CygNet Bridge API provides web-based access to CygNet data. See Eric's post for an overview of the debut Bridge API release. With the latest version, we've added many new features. We've added the ability to retrieve and acknowledge alarms, send and retrieve device data group transactions, send commands, and more. But the new feature I want to tell you about today is two-factor authentication (TFA).
TFA allows you to add an extra layer of security to your CygNet Bridge API. Instead of only requiring the user's login credentials for authentication, TFA requires the user to additionally provide a temporary 6-digit code that is generated by an authenticator app on their phone. See this video demonstrating how it works for the user.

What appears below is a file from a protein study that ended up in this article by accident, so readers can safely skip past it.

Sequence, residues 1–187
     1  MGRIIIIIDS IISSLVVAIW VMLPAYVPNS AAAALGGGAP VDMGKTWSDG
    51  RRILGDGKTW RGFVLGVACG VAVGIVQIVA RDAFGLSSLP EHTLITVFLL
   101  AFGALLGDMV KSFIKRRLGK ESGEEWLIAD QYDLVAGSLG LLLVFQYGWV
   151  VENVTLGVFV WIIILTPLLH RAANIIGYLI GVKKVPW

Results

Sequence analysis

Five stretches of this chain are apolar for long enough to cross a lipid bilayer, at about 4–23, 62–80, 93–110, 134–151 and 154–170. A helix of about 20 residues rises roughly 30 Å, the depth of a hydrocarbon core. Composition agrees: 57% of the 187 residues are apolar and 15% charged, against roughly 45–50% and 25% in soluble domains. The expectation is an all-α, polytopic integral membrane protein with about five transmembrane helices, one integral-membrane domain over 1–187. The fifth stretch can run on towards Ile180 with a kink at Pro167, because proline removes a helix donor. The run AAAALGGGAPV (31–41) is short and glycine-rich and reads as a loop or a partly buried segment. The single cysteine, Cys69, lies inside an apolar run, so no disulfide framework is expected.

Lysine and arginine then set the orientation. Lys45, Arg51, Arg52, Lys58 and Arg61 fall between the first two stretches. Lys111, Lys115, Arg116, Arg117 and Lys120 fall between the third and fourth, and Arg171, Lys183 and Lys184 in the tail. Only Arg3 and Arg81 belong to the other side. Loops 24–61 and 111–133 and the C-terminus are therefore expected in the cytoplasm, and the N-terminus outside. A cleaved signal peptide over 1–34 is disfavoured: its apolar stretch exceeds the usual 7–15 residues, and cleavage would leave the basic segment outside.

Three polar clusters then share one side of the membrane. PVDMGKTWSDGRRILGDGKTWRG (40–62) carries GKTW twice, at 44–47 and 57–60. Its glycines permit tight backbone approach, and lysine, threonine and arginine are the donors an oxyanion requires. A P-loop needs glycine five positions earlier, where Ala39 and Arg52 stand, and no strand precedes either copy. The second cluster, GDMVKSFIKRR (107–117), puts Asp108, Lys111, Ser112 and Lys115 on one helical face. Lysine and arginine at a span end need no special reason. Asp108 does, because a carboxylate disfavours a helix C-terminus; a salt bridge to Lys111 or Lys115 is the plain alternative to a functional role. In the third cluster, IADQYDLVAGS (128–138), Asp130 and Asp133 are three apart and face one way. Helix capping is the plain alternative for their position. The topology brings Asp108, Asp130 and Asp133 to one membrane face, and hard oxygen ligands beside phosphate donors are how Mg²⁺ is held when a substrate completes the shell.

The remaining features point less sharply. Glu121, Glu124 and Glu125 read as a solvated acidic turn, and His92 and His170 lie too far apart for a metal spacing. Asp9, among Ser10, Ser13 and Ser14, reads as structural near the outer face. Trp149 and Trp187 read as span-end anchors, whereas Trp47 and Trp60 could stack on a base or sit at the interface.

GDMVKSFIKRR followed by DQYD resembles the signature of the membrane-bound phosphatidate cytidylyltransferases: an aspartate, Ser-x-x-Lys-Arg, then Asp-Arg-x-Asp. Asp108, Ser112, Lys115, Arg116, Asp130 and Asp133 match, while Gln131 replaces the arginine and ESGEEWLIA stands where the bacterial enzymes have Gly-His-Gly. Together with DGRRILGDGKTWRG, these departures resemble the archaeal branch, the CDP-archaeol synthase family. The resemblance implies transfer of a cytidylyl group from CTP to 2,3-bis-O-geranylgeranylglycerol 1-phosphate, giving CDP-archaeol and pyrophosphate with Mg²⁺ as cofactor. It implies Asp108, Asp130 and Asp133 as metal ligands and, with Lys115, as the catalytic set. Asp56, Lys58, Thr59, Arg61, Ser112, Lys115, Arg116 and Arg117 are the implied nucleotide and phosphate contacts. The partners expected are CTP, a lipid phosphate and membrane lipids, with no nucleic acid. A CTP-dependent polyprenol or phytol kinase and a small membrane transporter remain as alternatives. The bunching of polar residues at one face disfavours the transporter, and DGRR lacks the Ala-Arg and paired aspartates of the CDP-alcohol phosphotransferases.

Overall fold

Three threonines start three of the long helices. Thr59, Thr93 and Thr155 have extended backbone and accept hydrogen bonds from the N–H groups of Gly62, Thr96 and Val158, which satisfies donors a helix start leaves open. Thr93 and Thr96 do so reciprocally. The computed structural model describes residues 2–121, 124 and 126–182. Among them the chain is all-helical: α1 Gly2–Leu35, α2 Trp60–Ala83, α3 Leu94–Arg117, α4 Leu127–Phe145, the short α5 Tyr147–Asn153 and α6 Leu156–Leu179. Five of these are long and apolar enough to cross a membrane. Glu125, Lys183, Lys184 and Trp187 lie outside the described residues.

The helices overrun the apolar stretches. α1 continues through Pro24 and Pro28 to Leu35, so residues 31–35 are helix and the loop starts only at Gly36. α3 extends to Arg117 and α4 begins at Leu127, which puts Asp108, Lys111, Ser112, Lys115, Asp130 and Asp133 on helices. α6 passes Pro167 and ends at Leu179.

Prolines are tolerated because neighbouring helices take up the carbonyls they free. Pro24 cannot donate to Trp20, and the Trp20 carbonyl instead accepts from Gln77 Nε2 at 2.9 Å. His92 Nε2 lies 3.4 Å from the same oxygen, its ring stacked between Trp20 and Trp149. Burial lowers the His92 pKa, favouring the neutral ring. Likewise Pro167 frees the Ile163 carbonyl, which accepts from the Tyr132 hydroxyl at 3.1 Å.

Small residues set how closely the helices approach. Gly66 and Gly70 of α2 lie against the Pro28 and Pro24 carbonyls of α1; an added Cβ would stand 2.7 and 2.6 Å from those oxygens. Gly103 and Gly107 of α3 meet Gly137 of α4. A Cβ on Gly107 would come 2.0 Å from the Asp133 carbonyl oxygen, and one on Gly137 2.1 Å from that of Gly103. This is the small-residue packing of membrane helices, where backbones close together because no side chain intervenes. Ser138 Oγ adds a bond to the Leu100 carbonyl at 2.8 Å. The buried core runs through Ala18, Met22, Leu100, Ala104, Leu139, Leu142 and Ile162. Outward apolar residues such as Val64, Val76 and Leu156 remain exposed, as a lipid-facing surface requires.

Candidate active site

I’m not sure how many of you noticed, but with the arrival of CygNet 8.1.3 came a fresh face in town to help with all your API woes (well, some of them anyway). Our first round of .NET API assemblies were unleashed into the world to bring hope and joy to all who write their own integration applications on top of the CygNet system.
Up until this point, you’ve had a couple of different tools at your disposal. CygNet ODBC, the COM scripting API, and the Enterprise Integration Suite are some of the different options you have to select from when you want to build an application to interact with CygNet. Each of these tools has its own set of advantages and disadvantages.